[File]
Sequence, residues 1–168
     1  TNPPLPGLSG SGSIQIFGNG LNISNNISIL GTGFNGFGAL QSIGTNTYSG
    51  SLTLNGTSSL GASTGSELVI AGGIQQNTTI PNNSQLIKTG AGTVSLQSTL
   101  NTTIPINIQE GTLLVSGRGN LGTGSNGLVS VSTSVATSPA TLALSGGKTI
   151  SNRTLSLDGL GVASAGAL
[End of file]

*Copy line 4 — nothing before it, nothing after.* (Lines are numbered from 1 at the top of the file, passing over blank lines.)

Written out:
   101  NTTIPINIQE GTLLVSGRGN LGTGSNGLVS VSTSVATSPA TLALSGGKTI